SASSAS invites the public to an open rehearsal on Thursday, May 2, 2013 from 12pm to 2pm at Kings Road park Pavillion, 1000 N. King’s Road, West Hollywood, CA 90069 The Baldwin Park Scenic Overlook is unique in the greater Los Angeles area and California State Park system. A historically complex site, the Overlook offers 360 degree views of the Los Angeles Basin as it resides at the juncture of industry and parkland / preserve. Adjacent to the location of the 1963 Baldwin Hills Dam break and just north of an active oil field, the park was the site of a decade long development battle which was successful in fending off a 230-home development, but failed to stop the flat topping of the hill. Parts of the park have been regraded and in certain ways the land still looks as though it’s recovering from the earlier violence. (Christopher Hawthorne, Los Angeles Times).
Jim Denley is considered one of Australia’s foremost improvisers of new music. He was born in 1957 in the town of Bulli, New South Wales. He began playing violin at age 5, then took up piano, and by age eleven was playing flute. He studied the instrument at the NSW Conservatorium, and after leaving school played jazz and commercial music to earn a living. By the late 1970s he was composing music, and a decade later he began working in an improvisational mode and to integrate his voice into his instrumental work. Also in the 1980s he studied the shakuhachi flute music of Japan, whose style places a great emphasis on the momentary and the moment. Denley has worked extensively in Great Britain and Europe, and while much of his work is collaborative, he has also performed as a soloist throughout his career.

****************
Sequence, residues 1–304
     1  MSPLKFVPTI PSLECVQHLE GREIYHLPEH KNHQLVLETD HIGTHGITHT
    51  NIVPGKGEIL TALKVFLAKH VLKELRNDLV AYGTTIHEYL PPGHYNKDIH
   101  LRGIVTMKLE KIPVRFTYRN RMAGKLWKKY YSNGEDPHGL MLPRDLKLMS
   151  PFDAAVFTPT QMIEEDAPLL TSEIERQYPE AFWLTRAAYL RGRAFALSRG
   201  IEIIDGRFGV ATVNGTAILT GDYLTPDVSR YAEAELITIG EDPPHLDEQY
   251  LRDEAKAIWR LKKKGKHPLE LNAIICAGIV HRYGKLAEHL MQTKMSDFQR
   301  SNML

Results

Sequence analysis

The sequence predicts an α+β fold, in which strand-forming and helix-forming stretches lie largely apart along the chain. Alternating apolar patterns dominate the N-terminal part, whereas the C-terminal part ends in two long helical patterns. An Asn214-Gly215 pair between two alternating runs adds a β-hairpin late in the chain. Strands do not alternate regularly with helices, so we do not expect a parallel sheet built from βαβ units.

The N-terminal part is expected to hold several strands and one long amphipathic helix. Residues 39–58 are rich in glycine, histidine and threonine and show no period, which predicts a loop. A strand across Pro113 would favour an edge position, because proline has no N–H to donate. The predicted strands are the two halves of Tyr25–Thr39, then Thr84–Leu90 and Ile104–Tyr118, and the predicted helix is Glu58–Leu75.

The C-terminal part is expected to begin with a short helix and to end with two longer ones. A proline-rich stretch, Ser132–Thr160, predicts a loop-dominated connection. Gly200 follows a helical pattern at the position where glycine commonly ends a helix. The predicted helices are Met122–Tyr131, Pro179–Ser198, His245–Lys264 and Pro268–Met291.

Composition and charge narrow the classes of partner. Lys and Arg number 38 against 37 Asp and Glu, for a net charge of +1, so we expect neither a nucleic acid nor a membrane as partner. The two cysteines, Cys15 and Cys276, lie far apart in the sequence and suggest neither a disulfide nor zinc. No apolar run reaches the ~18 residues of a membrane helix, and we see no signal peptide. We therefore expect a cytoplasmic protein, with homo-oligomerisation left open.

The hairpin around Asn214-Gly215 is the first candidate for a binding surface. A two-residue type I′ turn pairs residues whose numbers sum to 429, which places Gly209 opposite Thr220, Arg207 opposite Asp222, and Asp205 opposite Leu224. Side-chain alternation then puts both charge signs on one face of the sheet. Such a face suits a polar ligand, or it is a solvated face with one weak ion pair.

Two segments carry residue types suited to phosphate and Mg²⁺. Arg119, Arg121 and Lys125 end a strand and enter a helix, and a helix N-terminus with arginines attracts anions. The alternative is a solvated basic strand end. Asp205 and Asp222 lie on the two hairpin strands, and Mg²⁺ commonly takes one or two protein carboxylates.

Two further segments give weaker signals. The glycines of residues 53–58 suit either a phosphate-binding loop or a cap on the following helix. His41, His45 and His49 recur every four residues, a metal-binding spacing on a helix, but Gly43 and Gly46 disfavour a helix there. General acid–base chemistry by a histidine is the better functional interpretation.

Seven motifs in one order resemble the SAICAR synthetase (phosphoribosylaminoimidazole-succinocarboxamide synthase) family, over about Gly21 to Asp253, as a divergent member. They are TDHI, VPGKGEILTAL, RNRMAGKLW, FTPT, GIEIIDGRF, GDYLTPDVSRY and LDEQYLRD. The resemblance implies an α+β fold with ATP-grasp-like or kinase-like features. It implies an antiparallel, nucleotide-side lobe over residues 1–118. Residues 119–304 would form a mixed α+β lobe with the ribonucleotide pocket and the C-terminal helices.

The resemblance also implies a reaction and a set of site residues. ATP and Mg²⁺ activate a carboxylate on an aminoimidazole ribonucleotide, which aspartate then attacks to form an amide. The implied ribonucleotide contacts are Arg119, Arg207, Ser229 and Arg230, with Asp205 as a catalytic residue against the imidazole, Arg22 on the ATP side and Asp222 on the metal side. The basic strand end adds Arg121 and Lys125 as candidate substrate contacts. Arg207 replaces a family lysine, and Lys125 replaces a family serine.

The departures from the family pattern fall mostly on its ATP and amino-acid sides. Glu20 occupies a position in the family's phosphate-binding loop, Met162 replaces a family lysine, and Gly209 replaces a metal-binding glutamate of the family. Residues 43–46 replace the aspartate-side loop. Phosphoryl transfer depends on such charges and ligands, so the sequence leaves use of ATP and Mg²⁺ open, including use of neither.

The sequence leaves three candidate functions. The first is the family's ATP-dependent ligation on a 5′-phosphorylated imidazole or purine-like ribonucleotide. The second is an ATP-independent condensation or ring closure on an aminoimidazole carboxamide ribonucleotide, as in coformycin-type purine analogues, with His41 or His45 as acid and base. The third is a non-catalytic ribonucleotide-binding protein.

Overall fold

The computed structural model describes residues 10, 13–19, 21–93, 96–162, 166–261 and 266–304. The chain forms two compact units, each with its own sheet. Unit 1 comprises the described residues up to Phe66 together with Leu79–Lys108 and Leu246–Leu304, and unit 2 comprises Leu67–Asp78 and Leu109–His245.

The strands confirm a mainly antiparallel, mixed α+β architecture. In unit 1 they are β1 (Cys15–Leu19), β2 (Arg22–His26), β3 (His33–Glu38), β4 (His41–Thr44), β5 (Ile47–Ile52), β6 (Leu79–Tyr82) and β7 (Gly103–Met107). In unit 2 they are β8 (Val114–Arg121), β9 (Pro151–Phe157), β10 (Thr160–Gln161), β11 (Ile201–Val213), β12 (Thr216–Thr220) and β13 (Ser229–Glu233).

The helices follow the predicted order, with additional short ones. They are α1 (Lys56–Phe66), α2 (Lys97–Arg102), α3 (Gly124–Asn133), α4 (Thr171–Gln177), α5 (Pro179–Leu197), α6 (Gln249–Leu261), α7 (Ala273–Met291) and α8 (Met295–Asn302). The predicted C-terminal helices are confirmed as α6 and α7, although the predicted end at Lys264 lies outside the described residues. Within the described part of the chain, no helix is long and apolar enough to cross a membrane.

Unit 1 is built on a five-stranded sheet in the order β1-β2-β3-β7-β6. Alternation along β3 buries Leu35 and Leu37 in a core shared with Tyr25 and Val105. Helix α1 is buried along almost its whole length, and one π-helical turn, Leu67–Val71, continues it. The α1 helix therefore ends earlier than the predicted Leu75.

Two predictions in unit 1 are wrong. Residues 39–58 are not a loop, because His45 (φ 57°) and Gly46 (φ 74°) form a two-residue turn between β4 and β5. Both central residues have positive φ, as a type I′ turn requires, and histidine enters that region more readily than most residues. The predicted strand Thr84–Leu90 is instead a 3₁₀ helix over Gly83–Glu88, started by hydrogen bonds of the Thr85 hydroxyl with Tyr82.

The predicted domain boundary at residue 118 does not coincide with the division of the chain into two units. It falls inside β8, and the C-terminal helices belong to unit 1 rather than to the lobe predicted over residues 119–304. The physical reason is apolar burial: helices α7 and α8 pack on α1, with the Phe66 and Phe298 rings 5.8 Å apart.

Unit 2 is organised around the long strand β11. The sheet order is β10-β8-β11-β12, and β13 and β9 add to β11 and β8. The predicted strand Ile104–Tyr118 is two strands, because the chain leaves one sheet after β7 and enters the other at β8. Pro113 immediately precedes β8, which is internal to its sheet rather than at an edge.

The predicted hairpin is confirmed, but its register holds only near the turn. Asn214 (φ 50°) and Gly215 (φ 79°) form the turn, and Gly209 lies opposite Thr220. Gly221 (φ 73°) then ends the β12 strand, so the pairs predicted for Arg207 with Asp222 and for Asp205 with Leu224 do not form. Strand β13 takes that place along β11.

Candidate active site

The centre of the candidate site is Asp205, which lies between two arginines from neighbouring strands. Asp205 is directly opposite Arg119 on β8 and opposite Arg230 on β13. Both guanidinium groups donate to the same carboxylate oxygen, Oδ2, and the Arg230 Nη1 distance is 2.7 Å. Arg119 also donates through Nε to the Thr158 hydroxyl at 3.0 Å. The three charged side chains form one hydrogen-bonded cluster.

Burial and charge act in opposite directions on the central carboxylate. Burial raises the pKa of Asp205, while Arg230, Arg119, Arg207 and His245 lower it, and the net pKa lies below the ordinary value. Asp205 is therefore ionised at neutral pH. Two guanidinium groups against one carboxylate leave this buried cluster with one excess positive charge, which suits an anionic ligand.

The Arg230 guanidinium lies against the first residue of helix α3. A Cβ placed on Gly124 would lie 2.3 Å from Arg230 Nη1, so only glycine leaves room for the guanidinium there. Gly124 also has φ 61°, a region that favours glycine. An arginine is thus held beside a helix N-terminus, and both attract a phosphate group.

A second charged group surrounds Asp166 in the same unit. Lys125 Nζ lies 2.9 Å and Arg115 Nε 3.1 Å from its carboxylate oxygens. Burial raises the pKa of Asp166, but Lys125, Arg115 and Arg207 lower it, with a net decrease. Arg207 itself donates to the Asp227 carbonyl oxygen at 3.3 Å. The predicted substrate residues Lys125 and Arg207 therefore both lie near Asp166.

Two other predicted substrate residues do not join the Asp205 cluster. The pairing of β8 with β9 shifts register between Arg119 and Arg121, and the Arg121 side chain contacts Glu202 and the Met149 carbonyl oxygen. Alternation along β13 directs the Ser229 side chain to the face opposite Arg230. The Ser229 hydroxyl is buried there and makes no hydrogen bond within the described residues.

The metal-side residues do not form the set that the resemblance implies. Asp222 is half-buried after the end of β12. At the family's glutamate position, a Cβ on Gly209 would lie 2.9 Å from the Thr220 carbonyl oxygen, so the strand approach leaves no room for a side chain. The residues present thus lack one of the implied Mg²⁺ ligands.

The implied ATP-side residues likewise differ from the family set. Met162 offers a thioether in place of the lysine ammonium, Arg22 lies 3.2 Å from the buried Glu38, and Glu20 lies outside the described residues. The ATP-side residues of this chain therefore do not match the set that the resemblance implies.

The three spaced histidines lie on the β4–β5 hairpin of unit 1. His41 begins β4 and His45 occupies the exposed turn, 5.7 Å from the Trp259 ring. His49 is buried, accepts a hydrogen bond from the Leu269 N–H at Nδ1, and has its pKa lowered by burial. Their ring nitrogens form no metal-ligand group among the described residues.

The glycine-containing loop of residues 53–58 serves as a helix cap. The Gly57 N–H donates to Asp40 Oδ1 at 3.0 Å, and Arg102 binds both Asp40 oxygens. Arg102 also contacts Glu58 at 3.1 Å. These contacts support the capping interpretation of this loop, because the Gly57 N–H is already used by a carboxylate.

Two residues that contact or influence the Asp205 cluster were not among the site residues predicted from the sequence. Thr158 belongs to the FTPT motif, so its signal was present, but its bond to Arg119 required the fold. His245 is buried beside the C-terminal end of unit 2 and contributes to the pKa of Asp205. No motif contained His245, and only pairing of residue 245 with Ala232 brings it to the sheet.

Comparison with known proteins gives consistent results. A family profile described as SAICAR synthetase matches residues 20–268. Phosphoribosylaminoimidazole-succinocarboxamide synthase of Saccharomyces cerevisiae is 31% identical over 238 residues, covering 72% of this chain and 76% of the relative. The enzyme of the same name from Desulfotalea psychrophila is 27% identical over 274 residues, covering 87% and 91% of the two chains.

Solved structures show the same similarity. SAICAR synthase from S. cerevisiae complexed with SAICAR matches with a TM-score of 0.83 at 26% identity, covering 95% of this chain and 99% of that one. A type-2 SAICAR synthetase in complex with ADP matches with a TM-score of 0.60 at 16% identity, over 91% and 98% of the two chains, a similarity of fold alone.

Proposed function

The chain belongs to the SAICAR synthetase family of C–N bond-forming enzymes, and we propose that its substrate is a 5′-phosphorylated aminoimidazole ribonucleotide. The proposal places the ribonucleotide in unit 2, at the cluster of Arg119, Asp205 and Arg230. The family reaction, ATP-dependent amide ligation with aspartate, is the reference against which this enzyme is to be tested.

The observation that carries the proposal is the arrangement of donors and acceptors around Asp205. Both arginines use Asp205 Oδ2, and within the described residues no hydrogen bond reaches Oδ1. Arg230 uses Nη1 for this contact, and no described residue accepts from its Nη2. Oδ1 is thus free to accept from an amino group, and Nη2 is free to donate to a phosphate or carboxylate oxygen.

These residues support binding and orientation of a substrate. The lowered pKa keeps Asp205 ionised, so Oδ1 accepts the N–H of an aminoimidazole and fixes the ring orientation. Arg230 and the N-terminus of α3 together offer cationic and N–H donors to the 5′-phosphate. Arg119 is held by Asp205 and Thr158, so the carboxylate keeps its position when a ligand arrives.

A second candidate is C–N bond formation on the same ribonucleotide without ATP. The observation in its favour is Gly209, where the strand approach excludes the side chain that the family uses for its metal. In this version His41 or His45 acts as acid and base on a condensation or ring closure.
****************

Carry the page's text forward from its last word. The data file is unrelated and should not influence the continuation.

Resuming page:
The 28-year-old guitarist and composer Kim Myhr is a resident of Oslo, Norway and studied at Berklee College of Music in Boston from 2003 to 2005. Since then he has embarked on an international career, performing new contemporary and improvised music throughout Europe, Australia, Japan, Canada, and the United States. In 2008, he received the JazZtipend (a cash prize of approximately $30,000) at the Molde International Jazz Festival, one of the oldest jazz festivals in Europe. In July 2009 he returned to the festival with a new piece for an ensemble of thirteen musicians, which included Ingar Zach and Jim Denley. Myhr has described his new composition as having “fragments and figures that he would like the orchestra to work with” and offering the opportunity for “spontaneous interaction and collective solutions.”
Matt Barbier is an LA-based trombonist and composer focused primarily in the field of experimental intonation and noise music. Working collaboratively with composers such as Wolfgang von Schweinitz, Ulrich Krieger, and Marc Sabat, he engages with the emerging field of just intonation for brass instruments. His work with von Schweinitz has been highlighted by widely performing JUZ, an expansive work for solo trombone and playback. Barbier is also a founding member of Gnarwhallaby, a Los Angeles-based mixed quartet. He also performs as a member of the critically-acclaimed new music collective wildUp!. He received his education at the Cleveland Institute of Music (BM) and California Institute of the Arts (MFA). Barbier guest lectures at CalArts and Simon Fraser University.
Ted Byrnes is a drummer/percussionist living in Los Angeles. An alumni of the Berklee College of Music in Boston, he comes from a jazz background and has since made his home in the worlds of free improvisation, electro-acoustic music, and noise. Byrnes’ playing is often viewed as more textural or even melodic than rhythmic, and generally employs a ‘prepared’ drum kit. He has performed in a variety of ensembles and ad hoc settings, with musicians and/or groups including Jaap Blonk, Charlemagne Palestine, John Wiese, Smegma, Airway, Han-earl Park, Gregory Lenczycki, and Tim Perkis, among others.